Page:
I recently heard a Sermon on Matthew 3:15. The verse was posited for the proposition that believers in Christ should be baptized as a public expression of faith in obedience to God. This is a pretty fundamental proposition that most Christian denominations would advocate in some form or another.
In Matthew 3, John the Baptist has been preaching repentance, turning to God and baptism to make the way for one who “is coming soon who is greater than I am – so much greater that I’m not worthy even to be his slave and carry his sandals”. This was Jesus, of course. Then we are told that Jesus went to Galilee to the Jordan River to be baptized by John, and John tried to talk him out of it, saying, “I am the one who needs to be baptized by you….” This is the context in which Jesus makes the statement that was the focus of the sermon.
The New Living Translation of the Bible was used for the textual reference. I tend to use the ESV and NASB translations because they are more literal. They are word for word translations, rather than phrase for phrase (or idea for idea) translations, like the NLT. The word for word translations tend to be considered more accurate and more authentic to the original text. These are things I was thinking as I listened to the message, and I wondered what difference a more literal translation would make.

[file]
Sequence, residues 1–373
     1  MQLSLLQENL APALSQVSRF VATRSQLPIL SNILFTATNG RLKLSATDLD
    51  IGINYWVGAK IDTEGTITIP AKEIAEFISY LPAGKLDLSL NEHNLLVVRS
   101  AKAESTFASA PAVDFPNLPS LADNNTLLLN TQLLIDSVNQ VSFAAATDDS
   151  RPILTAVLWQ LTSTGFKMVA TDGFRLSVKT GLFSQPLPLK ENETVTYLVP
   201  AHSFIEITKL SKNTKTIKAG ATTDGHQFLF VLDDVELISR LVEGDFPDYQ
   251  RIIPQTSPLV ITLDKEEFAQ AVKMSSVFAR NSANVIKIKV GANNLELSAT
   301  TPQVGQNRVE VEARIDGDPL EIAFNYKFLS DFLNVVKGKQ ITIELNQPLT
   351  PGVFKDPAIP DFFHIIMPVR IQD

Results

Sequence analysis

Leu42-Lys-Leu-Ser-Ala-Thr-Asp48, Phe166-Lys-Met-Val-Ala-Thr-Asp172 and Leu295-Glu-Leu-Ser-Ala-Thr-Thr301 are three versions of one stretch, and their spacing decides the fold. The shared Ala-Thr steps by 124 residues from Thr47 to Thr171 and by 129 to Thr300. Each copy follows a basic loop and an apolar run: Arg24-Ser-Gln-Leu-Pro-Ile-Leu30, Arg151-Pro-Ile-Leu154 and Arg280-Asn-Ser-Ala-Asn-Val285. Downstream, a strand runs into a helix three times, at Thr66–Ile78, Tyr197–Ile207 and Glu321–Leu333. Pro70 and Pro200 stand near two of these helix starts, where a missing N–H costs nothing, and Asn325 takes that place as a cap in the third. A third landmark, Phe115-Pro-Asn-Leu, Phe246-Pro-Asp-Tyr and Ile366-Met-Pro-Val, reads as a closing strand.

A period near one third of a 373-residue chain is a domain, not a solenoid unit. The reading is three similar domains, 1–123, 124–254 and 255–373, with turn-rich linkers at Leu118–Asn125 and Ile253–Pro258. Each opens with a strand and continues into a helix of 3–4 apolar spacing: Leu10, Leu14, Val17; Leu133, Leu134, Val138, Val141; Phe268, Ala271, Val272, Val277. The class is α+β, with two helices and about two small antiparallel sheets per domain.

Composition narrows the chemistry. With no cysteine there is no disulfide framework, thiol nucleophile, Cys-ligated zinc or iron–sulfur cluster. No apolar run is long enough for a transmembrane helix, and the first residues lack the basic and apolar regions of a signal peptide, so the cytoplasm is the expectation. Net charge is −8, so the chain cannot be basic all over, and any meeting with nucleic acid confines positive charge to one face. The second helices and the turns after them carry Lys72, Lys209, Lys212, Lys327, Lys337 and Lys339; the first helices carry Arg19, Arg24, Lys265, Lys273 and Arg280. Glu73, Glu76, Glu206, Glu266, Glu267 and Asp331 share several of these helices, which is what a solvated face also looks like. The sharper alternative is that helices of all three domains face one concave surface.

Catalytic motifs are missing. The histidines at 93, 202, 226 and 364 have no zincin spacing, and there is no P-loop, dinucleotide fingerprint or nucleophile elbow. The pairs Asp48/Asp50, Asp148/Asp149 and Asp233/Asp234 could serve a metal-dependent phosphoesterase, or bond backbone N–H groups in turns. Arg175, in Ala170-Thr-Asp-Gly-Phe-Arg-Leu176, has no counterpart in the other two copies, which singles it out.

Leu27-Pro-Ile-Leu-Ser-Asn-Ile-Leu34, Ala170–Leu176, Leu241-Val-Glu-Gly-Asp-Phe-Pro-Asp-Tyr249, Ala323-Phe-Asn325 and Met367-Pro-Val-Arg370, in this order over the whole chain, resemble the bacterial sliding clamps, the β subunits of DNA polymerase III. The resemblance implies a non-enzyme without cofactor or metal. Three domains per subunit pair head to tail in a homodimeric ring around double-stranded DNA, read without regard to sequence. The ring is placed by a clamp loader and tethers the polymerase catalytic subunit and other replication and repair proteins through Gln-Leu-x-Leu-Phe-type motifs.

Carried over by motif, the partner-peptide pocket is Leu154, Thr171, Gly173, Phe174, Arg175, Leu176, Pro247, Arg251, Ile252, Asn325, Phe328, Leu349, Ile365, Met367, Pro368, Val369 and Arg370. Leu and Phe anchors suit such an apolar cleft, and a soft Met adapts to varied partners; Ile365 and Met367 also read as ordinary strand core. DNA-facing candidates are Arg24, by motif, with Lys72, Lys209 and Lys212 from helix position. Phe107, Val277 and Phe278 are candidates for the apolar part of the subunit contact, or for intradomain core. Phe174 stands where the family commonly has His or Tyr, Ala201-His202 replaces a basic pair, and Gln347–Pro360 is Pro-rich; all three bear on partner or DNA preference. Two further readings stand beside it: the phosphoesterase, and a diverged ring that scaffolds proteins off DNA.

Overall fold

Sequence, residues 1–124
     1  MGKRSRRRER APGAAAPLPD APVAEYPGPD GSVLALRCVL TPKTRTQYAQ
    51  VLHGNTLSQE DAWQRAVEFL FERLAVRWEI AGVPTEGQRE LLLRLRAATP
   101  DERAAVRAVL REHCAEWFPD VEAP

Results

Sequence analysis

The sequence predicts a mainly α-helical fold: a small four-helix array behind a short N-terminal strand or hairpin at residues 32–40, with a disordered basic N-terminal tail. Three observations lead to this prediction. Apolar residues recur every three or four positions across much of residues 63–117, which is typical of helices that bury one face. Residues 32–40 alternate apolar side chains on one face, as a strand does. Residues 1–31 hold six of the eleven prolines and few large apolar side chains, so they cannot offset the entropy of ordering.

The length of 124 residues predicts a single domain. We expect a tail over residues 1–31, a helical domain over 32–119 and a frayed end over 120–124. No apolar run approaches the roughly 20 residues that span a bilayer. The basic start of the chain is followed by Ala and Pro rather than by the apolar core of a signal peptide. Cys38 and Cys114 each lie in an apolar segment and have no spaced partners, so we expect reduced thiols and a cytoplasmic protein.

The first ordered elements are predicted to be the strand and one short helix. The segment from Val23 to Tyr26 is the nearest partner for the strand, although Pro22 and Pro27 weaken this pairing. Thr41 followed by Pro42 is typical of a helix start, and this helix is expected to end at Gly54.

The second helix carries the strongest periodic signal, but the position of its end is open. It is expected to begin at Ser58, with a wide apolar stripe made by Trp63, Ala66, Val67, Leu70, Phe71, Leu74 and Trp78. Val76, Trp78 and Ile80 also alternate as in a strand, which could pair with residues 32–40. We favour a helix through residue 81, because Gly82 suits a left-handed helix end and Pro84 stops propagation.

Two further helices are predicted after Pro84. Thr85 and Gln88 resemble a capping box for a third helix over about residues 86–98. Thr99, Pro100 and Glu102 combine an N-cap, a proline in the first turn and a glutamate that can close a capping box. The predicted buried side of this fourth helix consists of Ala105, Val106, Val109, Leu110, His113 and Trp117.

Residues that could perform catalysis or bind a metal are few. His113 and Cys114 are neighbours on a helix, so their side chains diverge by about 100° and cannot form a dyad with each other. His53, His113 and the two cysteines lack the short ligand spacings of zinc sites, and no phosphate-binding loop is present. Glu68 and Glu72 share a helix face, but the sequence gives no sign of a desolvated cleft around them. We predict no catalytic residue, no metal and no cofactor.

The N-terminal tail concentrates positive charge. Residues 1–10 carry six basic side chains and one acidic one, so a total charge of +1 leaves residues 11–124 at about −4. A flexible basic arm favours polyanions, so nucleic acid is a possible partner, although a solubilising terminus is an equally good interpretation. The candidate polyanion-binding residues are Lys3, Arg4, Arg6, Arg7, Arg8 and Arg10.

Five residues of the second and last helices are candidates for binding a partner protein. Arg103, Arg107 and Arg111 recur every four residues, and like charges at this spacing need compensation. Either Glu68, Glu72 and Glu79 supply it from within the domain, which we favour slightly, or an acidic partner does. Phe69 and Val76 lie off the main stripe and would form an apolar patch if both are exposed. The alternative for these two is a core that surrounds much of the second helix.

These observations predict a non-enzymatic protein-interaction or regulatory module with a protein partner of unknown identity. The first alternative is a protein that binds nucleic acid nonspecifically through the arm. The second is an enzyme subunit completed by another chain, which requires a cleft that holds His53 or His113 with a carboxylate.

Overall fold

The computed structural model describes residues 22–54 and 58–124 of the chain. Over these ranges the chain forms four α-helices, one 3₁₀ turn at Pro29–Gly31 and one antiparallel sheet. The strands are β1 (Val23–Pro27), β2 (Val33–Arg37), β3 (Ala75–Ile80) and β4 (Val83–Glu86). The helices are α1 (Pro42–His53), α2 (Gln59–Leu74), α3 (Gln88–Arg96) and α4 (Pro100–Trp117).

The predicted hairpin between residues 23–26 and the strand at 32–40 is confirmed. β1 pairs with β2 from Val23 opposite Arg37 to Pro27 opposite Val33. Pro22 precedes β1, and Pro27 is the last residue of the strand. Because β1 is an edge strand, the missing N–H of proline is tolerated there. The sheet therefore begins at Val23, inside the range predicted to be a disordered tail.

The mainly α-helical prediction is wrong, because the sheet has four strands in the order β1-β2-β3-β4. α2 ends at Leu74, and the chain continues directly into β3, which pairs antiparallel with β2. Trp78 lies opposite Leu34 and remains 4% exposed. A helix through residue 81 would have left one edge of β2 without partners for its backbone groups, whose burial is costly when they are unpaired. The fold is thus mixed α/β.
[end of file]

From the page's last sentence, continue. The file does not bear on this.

“… as we[i] also have forgiven[ii] our debtors[iii].” (Mt. 6:12) The forgiveness I may ask for, receive and experience from God is directly related to my forgiveness of those who “owe me” (or who I think owe me). The emphasis in this verse is on us (me)!
Whatever your theology is in regard to the sovereignty of God and grace, it is hard to ignore Scripture when it emphasizes something we must do. We dare not ignore it! This is one place where the emphasis is on us, and, therefore, we really need to pay close attention. Continue reading “As We Have Also Forgiven”→
Do you know who said this? You might be surprised if you don’t know. It wasn’t the person who wrote the song.
This statement is a triumphal statement of faith. We sing it as a joyful pronouncement of gratitude and proclamation of our confidence in God. These words convey hope. They are a reflection of overcoming faith, but there is much more to the story. Continue reading “My Redeemer Lives”→
“[H]allowed is Your name!”[i] (Matt. 6: 9) follows the address to “our Father who is in heaven” in the only prayer that Jesus taught His disciples to say. After addressing the Father, Jesus taught us to praise Him. He is deserving of all our praise! Continue reading “Hallowed is Your Name”→